Utility of multiparametric 3-T MRI for glioma characterization

Bhaswati Roy, Rakesh K. Gupta, Andrew A Maudsley, Rishi Awasthi, Sulaiman Sheriff, Meng Gu, Nuzhat Husain, Sudipta Mohakud, Sanjay Behari, Chandra M. Pandey, Ram K S Rathore, Daniel M. Spielman, Jeffry R. Alger

Research output: Contribution to journalArticle

59 Citations (Scopus)

Abstract

Introduction: Accurate grading of cerebral glioma using conventional structural imaging techniques remains challenging due to the relatively poor sensitivity and specificity of these methods. The purpose of this study was to evaluate the relative sensitivity and specificity of structural magnetic resonance imaging and MR measurements of perfusion, diffusion, and whole-brain spectroscopic parameters for glioma grading. Methods: Fifty-six patients with radiologically suspected untreated glioma were studied with T1- and T2-weighted MR imaging, dynamic contrast-enhanced MR imaging, diffusion tensor imaging, and volumetric whole-brain MR spectroscopic imaging. Receiver-operating characteristic analysis was performed using the relative cerebral blood volume (rCBV), apparent diffusion coefficient, fractional anisotropy, and multiple spectroscopic parameters to determine optimum thresholds for tumor grading and to obtain the sensitivity, specificity, and positive and negative predictive values for identifying high-grade gliomas. Logistic regression was performed to analyze all the parameters together. Results: The rCBV individually classified glioma as low and high grade with a sensitivity and specificity of 100 and 88 %, respectively, based on a threshold value of 3.34. On combining all parameters under consideration, the classification was achieved with 2 % error and sensitivity and specificity of 100 and 96 %, respectively. Conclusion: Individually, CBV measurement provides the greatest diagnostic performance for predicting glioma grade; however, the most accurate classification can be achieved by combining all of the imaging parameters.

Original languageEnglish
Pages (from-to)603-613
Number of pages11
JournalNeuroradiology
Volume55
Issue number5
DOIs
StatePublished - May 1 2013

Fingerprint

Glioma
Sensitivity and Specificity
Diffusion Tensor Imaging
Neoplasm Grading
Anisotropy
Brain
ROC Curve
Perfusion
Logistic Models
Magnetic Resonance Imaging
Cerebral Blood Volume

Keywords

  • Diffusion tensor imaging
  • Dynamic contrast enhance MR
  • Glioma grading
  • Multiparametric MRI
  • Whole-brain MRSI

ASJC Scopus subject areas

  • Radiology Nuclear Medicine and imaging
  • Clinical Neurology
  • Cardiology and Cardiovascular Medicine

Cite this

Roy, B., Gupta, R. K., Maudsley, A. A., Awasthi, R., Sheriff, S., Gu, M., ... Alger, J. R. (2013). Utility of multiparametric 3-T MRI for glioma characterization. Neuroradiology, 55(5), 603-613. https://doi.org/10.1007/s00234-013-1145-x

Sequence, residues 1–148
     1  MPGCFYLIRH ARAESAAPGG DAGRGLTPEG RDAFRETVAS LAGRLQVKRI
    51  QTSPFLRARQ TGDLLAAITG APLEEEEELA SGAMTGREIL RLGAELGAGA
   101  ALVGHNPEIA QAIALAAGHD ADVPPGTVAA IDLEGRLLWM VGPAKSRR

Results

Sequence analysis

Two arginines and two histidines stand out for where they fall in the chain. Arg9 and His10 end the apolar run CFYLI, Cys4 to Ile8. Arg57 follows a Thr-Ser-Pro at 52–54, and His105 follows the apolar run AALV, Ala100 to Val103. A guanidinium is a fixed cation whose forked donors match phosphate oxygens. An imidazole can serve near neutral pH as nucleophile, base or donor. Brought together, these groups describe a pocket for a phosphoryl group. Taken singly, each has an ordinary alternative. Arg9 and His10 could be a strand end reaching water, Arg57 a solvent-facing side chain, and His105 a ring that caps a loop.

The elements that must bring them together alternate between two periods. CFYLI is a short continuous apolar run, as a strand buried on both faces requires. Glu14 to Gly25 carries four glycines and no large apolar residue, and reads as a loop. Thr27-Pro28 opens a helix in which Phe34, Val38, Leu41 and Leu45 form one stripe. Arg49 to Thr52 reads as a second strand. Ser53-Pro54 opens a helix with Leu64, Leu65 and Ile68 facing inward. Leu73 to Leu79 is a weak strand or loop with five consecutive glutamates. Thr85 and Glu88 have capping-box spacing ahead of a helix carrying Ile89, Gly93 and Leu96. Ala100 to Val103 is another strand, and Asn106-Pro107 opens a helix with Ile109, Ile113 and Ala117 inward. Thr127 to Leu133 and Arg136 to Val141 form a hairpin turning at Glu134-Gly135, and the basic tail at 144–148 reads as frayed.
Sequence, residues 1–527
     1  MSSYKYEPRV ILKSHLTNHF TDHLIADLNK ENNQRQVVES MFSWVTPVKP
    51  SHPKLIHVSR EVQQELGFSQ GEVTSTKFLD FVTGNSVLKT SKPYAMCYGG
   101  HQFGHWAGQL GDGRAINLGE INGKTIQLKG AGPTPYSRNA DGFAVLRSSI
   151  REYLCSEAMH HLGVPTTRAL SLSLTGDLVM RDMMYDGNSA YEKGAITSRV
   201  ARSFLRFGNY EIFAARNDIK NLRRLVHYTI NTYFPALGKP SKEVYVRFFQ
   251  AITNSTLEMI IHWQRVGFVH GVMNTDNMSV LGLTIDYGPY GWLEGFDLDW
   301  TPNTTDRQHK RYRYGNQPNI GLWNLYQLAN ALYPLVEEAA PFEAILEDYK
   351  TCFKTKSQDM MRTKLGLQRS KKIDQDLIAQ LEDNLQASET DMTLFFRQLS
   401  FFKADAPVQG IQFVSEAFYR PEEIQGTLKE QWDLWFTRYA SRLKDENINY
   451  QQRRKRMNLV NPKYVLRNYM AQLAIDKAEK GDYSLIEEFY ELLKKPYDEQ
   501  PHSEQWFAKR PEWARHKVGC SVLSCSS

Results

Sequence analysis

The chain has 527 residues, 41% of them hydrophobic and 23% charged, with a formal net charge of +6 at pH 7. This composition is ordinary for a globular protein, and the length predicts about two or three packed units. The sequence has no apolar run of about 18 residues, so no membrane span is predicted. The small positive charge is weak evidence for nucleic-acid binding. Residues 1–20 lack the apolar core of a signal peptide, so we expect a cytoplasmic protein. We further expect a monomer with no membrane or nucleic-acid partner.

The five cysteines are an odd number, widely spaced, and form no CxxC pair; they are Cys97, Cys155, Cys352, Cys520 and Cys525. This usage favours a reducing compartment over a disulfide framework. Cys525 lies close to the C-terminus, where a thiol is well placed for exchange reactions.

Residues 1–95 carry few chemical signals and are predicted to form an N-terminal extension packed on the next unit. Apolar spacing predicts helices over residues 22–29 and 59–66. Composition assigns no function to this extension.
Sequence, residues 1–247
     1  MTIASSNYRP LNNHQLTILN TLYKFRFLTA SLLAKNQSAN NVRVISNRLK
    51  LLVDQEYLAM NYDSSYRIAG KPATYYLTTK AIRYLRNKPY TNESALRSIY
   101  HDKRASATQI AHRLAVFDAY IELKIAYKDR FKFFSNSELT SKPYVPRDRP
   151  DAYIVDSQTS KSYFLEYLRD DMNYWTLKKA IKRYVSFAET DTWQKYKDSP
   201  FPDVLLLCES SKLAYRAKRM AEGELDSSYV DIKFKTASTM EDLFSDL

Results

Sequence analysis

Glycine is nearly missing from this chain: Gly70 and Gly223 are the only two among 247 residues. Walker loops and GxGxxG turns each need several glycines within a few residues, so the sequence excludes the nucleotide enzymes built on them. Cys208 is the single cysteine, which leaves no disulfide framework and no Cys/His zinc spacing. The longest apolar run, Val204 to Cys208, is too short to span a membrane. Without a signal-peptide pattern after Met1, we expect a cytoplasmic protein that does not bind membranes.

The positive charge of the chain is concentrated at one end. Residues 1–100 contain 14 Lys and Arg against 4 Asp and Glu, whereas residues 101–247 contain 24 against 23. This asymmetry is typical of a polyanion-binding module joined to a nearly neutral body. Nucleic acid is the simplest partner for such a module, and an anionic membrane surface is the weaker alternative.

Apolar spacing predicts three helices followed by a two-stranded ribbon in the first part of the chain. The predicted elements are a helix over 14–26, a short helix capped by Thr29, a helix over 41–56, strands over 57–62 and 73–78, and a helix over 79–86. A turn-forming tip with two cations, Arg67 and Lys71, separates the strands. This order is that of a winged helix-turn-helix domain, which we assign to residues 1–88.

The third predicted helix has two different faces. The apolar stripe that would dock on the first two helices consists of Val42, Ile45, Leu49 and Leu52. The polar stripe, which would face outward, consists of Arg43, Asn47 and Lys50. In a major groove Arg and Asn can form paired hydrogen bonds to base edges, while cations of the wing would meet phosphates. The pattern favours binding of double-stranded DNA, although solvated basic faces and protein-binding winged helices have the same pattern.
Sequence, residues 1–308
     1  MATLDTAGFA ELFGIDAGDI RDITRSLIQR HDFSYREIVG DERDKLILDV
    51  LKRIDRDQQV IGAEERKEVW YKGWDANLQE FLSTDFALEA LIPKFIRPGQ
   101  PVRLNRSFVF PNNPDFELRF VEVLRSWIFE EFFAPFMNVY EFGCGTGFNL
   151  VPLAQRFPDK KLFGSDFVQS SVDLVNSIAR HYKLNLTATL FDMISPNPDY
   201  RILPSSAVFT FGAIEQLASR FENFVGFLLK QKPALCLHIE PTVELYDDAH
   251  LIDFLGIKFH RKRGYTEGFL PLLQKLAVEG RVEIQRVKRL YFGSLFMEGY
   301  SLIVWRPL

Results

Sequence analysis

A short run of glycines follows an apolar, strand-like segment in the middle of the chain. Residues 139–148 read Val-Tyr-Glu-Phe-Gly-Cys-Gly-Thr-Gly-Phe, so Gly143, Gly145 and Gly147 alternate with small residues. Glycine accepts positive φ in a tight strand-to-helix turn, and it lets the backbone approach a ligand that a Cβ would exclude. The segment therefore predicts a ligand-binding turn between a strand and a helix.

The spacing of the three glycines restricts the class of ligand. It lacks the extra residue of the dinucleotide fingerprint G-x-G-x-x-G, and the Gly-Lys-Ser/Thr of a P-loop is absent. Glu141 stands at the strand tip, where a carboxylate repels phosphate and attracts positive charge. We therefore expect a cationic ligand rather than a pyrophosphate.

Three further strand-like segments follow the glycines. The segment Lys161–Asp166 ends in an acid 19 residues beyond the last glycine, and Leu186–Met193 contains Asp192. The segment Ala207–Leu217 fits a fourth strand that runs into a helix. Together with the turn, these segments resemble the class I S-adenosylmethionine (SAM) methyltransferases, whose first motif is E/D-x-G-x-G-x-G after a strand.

Utility of multiparametric 3-T MRI for glioma characterization. / Roy, Bhaswati; Gupta, Rakesh K.; Maudsley, Andrew A; Awasthi, Rishi; Sheriff, Sulaiman; Gu, Meng; Husain, Nuzhat; Mohakud, Sudipta; Behari, Sanjay; Pandey, Chandra M.; Rathore, Ram K S; Spielman, Daniel M.; Alger, Jeffry R.

In: Neuroradiology, Vol. 55, No. 5, 01.05.2013, p. 603-613.

Research output: Contribution to journalArticle

Roy, B, Gupta, RK, Maudsley, AA, Awasthi, R, Sheriff, S, Gu, M, Husain, N, Mohakud, S, Behari, S, Pandey, CM, Rathore, RKS, Spielman, DM & Alger, JR 2013, 'Utility of multiparametric 3-T MRI for glioma characterization', Neuroradiology, vol. 55, no. 5, pp. 603-613. https://doi.org/10.1007/s00234-013-1145-x
Roy, Bhaswati ; Gupta, Rakesh K. ; Maudsley, Andrew A ; Awasthi, Rishi ; Sheriff, Sulaiman ; Gu, Meng ; Husain, Nuzhat ; Mohakud, Sudipta ; Behari, Sanjay ; Pandey, Chandra M. ; Rathore, Ram K S ; Spielman, Daniel M. ; Alger, Jeffry R. / Utility of multiparametric 3-T MRI for glioma characterization. In: Neuroradiology. 2013 ; Vol. 55, No. 5. pp. 603-613.
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AU - Gu, Meng

AU - Husain, Nuzhat

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AU - Behari, Sanjay

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AB - Introduction: Accurate grading of cerebral glioma using conventional structural imaging techniques remains challenging due to the relatively poor sensitivity and specificity of these methods. The purpose of this study was to evaluate the relative sensitivity and specificity of structural magnetic resonance imaging and MR measurements of perfusion, diffusion, and whole-brain spectroscopic parameters for glioma grading. Methods: Fifty-six patients with radiologically suspected untreated glioma were studied with T1- and T2-weighted MR imaging, dynamic contrast-enhanced MR imaging, diffusion tensor imaging, and volumetric whole-brain MR spectroscopic imaging. Receiver-operating characteristic analysis was performed using the relative cerebral blood volume (rCBV), apparent diffusion coefficient, fractional anisotropy, and multiple spectroscopic parameters to determine optimum thresholds for tumor grading and to obtain the sensitivity, specificity, and positive and negative predictive values for identifying high-grade gliomas. Logistic regression was performed to analyze all the parameters together. Results: The rCBV individually classified glioma as low and high grade with a sensitivity and specificity of 100 and 88 %, respectively, based on a threshold value of 3.34. On combining all parameters under consideration, the classification was achieved with 2 % error and sensitivity and specificity of 100 and 96 %, respectively. Conclusion: Individually, CBV measurement provides the greatest diagnostic performance for predicting glioma grade; however, the most accurate classification can be achieved by combining all of the imaging parameters.

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